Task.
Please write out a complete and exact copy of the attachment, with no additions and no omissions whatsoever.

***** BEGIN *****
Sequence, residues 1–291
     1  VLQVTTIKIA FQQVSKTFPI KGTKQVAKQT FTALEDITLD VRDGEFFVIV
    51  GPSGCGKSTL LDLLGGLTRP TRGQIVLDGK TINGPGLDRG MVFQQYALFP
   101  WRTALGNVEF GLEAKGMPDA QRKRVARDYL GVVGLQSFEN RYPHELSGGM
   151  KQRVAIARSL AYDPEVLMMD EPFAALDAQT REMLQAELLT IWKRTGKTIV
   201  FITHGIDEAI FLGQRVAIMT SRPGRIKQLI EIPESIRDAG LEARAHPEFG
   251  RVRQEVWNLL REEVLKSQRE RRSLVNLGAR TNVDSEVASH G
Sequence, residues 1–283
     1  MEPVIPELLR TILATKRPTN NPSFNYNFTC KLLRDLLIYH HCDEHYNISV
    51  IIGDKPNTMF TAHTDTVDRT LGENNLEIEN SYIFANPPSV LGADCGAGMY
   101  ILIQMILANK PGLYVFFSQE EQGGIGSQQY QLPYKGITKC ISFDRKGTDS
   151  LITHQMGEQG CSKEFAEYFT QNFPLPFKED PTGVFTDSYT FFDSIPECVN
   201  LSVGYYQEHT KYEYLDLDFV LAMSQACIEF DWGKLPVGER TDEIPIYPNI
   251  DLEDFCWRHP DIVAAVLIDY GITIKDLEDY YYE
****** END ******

Sequence, residues 1–291
     1  VLQVTTIKIA FQQVSKTFPI KGTKQVAKQT FTALEDITLD VRDGEFFVIV
    51  GPSGCGKSTL LDLLGGLTRP TRGQIVLDGK TINGPGLDRG MVFQQYALFP
   101  WRTALGNVEF GLEAKGMPDA QRKRVARDYL GVVGLQSFEN RYPHELSGGM
   151  KQRVAIARSL AYDPEVLMMD EPFAALDAQT REMLQAELLT IWKRTGKTIV
   201  FITHGIDEAI FLGQRVAIMT SRPGRIKQLI EIPESIRDAG LEARAHPEFG
   251  RVRQEVWNLL REEVLKSQRE RRSLVNLGAR TNVDSEVASH G
Sequence, residues 1–283
     1  MEPVIPELLR TILATKRPTN NPSFNYNFTC KLLRDLLIYH HCDEHYNISV
    51  IIGDKPNTMF TAHTDTVDRT LGENNLEIEN SYIFANPPSV LGADCGAGMY
   101  ILIQMILANK PGLYVFFSQE EQGGIGSQQY QLPYKGITKC ISFDRKGTDS
   151  LITHQMGEQG CSKEFAEYFT QNFPLPFKED PTGVFTDSYT FFDSIPECVN
   201  LSVGYYQEHT KYEYLDLDFV LAMSQACIEF DWGKLPVGER TDEIPIYPNI
   251  DLEDFCWRHP DIVAAVLIDY GITIKDLEDY YYE